Marathons

Global Marathon 2012

Visualizing Global Marathon

Resources

Video broadcasts, chat room, photo stream, and more. Use the Dashboard as your portal to the event this weekend.

Frequently Asked Questions

2011 Marathon Recap

Rules & Prizes

We're awarding over $15,000 in prize money across a handful of categories. Get the details here.

Welcome

More than 1,000 design and computer science students from 150 universities in 30 countries will be participating this weekend in the largest-ever student data visualization competition, hosted by Visualizing.org and sponsored by GE and Google.

Challenges

Around 90% of the data in the world today has been created in just the last two years. Not only are we producing more data than ever before — 2.5 quintillion bytes every day — we're generating entirely new types of data from sources like social media, sensor networks, digital health records, electronic trading, and smart grids. Design is how we interface with all this data — and it's helping us better understand the systems that make up the world, generate new knowledge about ourselves, our cities, and our planet, and support better decision-making across all levels of society.

The three challenges in front of you reflect three unique attributes of the data revolution: Real-Time, Big, and Social.

Real-Time: The velocity at which we now capture data — from sensor networks or search engines, for example — allows us to monitor systems in real-time and intervene before it's too late. Challenge #1 is about the design of real-time information.

Big: The volume of data we now generate is unprecedented. Making sense of Big Data is no small task — relying on science, design, and technology. Challenge #2 is about using the scale of a data set to visualize an entire system in all its complexity — without allowing this complexity to overpower your design.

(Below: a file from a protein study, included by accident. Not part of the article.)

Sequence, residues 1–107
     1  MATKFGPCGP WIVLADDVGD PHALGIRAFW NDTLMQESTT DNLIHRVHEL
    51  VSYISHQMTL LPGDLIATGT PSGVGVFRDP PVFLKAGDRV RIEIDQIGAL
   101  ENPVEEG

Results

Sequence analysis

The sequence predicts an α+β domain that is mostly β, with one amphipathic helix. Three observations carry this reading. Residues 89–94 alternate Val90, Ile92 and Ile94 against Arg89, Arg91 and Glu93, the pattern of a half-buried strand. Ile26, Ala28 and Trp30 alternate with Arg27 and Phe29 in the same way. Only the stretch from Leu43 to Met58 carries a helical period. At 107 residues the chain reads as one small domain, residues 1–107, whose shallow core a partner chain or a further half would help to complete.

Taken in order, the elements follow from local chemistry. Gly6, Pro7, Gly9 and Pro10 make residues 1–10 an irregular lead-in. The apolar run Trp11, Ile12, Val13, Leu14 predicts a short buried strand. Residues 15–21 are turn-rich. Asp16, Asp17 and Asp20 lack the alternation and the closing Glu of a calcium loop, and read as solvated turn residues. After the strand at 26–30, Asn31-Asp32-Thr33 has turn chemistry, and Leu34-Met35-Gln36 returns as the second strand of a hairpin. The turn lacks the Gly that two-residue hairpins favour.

Social: Within the "exhaust" we leave behind when using social media and mobile phones is a treasure trove of new insights about human behavior, the flow of information, and the structure of society. Challenge #3 is about using this new type of data to reveal how society reacted to a major world event.

Thanks

Our gratitude goes out to everyone who made this event possible:

Our fantastic lineup of speakers: Richard Saul Wurman, Alberto Cairo, and Kim Rees.

The expert designers who answered participants questions in Q&A Broadcasts: Ben Hosken, Scott Murray, Moritz Stefaner, and Mahir Yavuz.

A special thanks to Santiago Ortiz, who collected the data sets and worked with us to craft the challenges.

To all our meetup partners: amberPlatform, Centro Universitário Belas Artes de São Paulo, Centro Universitário Senac, CMoDA, Copenhagen Institute of Interaction Design, Ecole Supérieure d'Infographie - Albert Jacquard, Institute for Advanced Architecture of Catalonia, KU Leuven, L E'cole de design Nantes Atlantique, Maryland Institute of College Art, Ohio State University, Politecnico di Milano, randomwalks, School of Visual Arts, Strathmore University, University College London, University of Applied Sciences Mainz, University of Applied Sciences Potsdam, University of Brighton, University of Hong Kong, University of the West of England.

And to our jury of leading data and design professionals: